The Warwick Prize for Writing

So, the first Warwick Prize for Writing longlist is out:

Mad, Bad and Sad: A History of Women and the Mind Doctors from 1800 by Lisa Appignanesi (Virago)
The Tiger That Isn’t, by Michael Blastland & Andrew Dilnot (Profile Books)
Torques: Drafts 58-76, by Rachel Blau Duplessis (Salt Publishing)
Glister, by John Burnside (Jonathan Cape)
Planet of Slums, by Mike Davies (Verso)
The Art of Political Murder: Who Killed Bishop Gerardi?, by Francisco Goldman (Atlantic Books)
Someone Else, by John Hughes (Giramondo Publishing Company)
Reinventing the Sacred, by Stuart A Kauffman (Perseus)
The Shock Doctrine by Naomi Klein (Penguin)
The Burning, by Thomas Legendre (Abacus)
Adam’s Ancestors: Race, Religion and the Politics of Human Origins, by David Livingston (Johns Hopkins University Press)
The Wild Places, by Robert Macfarlane (Granta Books)
The Meaning of the 21st Century, by James Martin (Eden Project Books)
Brasyl, by Ian McDonald (Gollancz)
Netherland , by Joseph O’Neill (4th Estate)
The Rest Is Noise, by Alex Ross (4th Estate)
The Informers, by Juan Gabriel Vasquez (translator: Anne McLean) (Bloomsbury)
Montano’s Malady, by Enrique Vila-Matas (translator: Jonathan Dunne) (New Directions)
Portrait with Keys, by Ivan Vladislavic (Portobello Books)
The Trader, the Owner, the Slave, by James Walvin (Jonathan Cape)

As you may be able to tell from the above list, it’s a bit of an oddity, this one. The process that generated it is pretty quirky, to start with: it’s a biennial award with a 30-month eligibility period; nominations come originally from university staff; the longlist can include a maximum of 15 titles, except that each of the five judges can add one directly, for the total of 20 you see above.

It’s certainly high-minded enough: the website says that “The Warwick Prize for Writing is an international cross-disciplinary award which will be given biennially for an excellent and substantial piece of writing in the English language, in any genre or form, on a theme which will change with every award”, and declares with teleological certainty that “The winning submission will represent an intellectual, scientific and/or imaginative advance and be written with an energy and clarity that makes it accessible and attractive to a wide audience”.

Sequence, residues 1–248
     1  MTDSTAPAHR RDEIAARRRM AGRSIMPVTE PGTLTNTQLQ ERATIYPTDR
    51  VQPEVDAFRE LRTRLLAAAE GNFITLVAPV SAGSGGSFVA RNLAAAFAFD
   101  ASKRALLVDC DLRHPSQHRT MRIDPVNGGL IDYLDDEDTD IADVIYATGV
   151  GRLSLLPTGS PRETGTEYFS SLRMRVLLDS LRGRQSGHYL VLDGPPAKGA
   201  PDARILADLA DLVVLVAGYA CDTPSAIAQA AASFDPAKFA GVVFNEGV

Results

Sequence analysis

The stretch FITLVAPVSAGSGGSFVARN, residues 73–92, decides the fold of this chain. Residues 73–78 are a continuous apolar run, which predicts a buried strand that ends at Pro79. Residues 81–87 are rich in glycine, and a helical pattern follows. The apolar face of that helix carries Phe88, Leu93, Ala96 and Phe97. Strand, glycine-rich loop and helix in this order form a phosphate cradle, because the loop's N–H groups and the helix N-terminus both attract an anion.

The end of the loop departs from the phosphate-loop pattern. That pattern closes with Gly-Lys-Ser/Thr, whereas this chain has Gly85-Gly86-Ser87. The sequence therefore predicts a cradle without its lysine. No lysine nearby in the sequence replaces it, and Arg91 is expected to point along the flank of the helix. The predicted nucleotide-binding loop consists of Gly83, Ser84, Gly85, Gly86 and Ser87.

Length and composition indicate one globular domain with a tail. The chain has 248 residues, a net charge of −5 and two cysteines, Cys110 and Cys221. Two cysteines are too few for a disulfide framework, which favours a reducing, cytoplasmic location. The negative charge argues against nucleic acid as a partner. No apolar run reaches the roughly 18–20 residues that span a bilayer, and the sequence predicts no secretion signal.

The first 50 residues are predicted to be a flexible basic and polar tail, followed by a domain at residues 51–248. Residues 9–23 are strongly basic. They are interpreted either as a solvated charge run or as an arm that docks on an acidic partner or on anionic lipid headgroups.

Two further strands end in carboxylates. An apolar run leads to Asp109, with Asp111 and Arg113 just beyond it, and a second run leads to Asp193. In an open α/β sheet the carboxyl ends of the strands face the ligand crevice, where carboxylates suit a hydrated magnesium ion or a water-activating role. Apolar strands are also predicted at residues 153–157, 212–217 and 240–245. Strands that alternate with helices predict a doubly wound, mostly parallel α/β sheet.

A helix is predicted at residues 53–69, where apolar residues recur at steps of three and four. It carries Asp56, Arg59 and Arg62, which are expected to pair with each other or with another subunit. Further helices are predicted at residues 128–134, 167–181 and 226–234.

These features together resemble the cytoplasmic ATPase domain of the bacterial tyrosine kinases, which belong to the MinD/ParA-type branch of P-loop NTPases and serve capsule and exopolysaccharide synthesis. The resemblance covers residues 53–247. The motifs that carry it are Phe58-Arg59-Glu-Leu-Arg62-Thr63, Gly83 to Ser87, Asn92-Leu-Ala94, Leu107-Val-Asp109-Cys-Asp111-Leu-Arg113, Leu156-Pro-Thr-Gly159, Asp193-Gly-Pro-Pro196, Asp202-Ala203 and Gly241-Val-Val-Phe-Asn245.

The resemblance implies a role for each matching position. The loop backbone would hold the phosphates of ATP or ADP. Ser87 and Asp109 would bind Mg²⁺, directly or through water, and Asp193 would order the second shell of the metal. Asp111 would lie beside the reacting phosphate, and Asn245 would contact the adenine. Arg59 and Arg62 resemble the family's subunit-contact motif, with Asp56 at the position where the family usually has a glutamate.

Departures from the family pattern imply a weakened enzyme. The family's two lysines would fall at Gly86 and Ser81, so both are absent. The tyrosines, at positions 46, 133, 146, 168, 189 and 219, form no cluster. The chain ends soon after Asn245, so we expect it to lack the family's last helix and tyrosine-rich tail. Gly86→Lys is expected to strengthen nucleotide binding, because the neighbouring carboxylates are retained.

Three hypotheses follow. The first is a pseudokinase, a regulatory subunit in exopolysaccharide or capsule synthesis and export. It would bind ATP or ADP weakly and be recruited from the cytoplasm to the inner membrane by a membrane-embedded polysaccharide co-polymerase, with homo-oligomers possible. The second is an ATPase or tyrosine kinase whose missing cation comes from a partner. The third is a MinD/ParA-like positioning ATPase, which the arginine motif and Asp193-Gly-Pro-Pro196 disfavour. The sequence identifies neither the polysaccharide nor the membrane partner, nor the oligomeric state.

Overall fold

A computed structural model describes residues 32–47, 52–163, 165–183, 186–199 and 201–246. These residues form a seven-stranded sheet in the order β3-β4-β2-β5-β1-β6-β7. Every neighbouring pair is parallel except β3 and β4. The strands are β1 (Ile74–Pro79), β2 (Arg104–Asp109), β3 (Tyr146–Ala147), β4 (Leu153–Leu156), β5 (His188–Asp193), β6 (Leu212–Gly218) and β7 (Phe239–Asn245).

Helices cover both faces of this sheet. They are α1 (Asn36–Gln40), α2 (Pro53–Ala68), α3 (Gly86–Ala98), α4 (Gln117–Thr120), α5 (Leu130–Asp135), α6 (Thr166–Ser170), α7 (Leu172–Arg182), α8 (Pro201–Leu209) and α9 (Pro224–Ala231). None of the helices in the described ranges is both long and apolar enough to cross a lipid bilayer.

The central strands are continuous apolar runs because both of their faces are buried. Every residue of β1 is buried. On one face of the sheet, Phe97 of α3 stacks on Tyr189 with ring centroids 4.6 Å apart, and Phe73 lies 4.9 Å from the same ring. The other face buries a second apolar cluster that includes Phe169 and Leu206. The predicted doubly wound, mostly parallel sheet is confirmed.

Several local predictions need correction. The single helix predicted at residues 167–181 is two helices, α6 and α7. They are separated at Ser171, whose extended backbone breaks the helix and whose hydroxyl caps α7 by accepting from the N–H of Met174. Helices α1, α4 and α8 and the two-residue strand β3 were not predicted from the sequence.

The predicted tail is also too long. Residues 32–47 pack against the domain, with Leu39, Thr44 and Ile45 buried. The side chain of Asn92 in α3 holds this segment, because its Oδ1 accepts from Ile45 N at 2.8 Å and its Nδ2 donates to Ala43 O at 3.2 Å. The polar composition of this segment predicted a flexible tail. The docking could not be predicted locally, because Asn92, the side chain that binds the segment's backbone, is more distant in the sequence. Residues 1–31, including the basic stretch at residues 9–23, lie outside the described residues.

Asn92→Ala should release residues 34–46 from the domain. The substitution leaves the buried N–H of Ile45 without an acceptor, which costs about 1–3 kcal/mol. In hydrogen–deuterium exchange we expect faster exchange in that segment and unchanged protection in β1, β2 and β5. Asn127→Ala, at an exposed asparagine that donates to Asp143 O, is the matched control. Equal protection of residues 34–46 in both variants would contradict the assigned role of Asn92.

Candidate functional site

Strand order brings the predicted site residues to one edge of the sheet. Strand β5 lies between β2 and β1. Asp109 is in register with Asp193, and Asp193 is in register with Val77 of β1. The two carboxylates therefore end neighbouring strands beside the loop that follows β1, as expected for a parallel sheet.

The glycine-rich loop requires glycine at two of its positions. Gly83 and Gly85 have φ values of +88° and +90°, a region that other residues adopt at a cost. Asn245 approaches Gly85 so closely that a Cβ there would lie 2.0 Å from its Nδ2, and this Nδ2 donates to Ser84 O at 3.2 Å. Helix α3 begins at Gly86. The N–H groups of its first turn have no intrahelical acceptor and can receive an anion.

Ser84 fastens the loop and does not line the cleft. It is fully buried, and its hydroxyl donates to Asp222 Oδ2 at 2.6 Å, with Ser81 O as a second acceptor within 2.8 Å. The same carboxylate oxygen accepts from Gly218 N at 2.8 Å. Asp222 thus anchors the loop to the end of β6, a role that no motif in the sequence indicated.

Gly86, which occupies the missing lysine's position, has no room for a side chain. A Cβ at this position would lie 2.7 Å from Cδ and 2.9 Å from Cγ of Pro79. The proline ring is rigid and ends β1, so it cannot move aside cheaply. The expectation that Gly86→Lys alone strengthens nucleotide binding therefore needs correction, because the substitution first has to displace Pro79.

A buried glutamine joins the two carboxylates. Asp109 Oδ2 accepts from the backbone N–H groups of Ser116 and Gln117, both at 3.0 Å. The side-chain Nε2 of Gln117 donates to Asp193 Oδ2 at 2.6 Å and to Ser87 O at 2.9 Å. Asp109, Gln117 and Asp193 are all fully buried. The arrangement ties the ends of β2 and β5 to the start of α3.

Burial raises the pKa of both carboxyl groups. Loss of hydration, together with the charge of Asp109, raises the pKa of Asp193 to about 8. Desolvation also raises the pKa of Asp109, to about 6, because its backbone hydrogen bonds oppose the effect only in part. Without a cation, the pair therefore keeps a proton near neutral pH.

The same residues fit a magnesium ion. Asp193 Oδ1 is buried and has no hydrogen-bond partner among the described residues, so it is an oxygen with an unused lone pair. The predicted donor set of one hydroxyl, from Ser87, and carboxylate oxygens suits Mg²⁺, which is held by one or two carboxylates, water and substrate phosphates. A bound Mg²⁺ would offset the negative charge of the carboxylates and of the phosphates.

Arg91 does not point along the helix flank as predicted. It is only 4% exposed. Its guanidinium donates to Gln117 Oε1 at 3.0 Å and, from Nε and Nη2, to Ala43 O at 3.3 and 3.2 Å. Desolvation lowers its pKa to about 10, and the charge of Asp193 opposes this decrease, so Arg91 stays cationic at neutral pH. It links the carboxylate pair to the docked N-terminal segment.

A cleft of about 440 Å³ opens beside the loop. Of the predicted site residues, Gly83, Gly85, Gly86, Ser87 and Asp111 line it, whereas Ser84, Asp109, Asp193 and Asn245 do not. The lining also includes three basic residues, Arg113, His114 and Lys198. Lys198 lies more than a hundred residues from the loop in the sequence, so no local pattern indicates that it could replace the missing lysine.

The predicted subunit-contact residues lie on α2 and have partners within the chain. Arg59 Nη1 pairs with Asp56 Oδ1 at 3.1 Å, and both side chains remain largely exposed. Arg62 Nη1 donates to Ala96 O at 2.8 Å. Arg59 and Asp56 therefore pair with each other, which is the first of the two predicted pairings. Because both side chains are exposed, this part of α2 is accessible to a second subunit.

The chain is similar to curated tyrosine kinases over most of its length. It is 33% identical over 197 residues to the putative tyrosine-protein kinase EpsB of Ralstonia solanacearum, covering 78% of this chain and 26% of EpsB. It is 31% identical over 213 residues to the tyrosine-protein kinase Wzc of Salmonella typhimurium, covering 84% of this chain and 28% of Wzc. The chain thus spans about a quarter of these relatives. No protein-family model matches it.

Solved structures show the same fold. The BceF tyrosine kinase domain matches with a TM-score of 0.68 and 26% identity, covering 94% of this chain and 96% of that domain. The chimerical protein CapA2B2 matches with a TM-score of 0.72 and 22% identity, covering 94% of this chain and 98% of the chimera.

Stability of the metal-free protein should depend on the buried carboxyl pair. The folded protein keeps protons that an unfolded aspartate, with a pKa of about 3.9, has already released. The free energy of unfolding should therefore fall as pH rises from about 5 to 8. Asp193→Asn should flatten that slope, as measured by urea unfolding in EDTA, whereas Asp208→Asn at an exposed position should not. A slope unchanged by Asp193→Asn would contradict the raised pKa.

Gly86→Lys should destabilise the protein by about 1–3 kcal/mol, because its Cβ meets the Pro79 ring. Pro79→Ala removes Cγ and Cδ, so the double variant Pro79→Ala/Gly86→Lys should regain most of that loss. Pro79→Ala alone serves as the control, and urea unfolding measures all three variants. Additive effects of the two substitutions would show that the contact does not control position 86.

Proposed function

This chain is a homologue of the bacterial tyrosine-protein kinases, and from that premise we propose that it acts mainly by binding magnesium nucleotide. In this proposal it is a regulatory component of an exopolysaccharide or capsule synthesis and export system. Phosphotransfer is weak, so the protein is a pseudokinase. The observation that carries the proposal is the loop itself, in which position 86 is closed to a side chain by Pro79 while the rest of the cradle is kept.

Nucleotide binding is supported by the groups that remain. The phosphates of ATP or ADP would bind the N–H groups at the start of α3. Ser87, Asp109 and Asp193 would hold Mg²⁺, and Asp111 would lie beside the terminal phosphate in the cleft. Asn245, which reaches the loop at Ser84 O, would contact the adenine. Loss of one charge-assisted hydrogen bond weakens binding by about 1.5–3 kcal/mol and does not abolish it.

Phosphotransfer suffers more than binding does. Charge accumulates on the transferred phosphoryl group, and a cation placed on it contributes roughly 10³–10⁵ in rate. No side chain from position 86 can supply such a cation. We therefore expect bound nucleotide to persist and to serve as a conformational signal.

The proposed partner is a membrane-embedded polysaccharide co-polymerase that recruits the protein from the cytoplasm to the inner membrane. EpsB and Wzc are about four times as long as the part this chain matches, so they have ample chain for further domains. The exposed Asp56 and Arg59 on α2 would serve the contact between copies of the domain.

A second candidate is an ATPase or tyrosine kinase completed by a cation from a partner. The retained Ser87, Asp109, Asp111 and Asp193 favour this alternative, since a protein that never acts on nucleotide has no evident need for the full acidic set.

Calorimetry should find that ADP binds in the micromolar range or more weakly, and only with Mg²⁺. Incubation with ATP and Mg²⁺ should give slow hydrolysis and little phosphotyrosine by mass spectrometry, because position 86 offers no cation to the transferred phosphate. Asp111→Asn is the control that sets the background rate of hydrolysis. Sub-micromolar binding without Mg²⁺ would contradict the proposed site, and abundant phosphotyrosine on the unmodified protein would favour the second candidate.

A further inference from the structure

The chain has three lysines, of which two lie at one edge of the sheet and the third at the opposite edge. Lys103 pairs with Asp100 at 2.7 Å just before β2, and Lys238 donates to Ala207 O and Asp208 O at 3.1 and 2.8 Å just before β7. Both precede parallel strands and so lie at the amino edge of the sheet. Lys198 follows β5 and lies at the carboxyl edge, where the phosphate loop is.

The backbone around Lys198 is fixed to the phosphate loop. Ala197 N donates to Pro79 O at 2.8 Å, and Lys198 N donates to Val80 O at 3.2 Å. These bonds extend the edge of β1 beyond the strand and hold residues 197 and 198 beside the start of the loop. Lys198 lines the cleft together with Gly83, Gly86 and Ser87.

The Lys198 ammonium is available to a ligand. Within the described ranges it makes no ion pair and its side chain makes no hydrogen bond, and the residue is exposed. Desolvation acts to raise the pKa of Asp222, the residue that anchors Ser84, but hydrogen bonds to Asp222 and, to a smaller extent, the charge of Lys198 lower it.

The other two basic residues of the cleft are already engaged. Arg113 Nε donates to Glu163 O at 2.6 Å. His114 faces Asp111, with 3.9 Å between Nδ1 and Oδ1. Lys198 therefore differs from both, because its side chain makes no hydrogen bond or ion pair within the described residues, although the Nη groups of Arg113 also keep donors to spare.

The prize also has a substantial fund behind it — the winner gets £50,000 — not to mention a well-qualified judging panel. On some level, it is undoubtedly a good and welcome thing. But the more I look at that list, with its seven fiction titles, twelve non-fiction titles, and one poetry title, the more sceptical I am about the meaningfulness of choosing a winner.

Bear in mind that it’s a list that includes books I have enjoyed, books I want to read, and books I’ve never heard of but which look interesting, which is about all you can ask of a longlist. My reservation is that measuring fiction, non-fiction and poetry against each other always strikes me as a bit pointless when the Whitbread/Costa does it, and it strikes me as a bit pointless here. This is not to say that such comparisons can’t be illuminating: I’m sure that reading Glister, Portrait with Keys and Planet of Slums together with an eye to how they treat the idea of the city could be fascinating, for instance. Assuming that you found all three to be good, however, I’m baffled as to how you could declare one to be better than the others in ways that rise above the simple subjective fact of enjoying one more than another. Put another way, I can’t think of any sensible evaluative way to compare, say, Brasyl and The Rest is Noise: their goals, reference points, interests, and techniques seem to be so divergent as to make such comparison meaningless.

The publicity for the Warwick prize states that it “is set to redefine traditional forms of writing”; I take this to be a reference to the fact that there are obviously books which blur the lines between fiction and non-fiction, and that it makes more sense — is more honest? — to treat types of writing as a continuum rather than a series of categories. This is true as far as it goes, but the problem is that, as with Larus Gulls, the existence of border cases doesn’t mean that distinct, incompatible categories don’t exist.

Perhaps the stated theme for this iteration of the award — “complexity“, although to be honest I’m pretty sure I could argue for just about anything under that definition of the term — is intended to help. But certainly for the ones I’ve sampled, the most useful answer to the question, “how do these books tackle or embody complexity?” is “very differently”; better and worse don’t really come into it. But it’s a prize, so better and worse have to come into it, and there has to be a winner. Part of me thinks that to be truly radical, they should forego picking a winner entirely, and just divide up the prize money between the works they’ve considered worthy of a longlisting.

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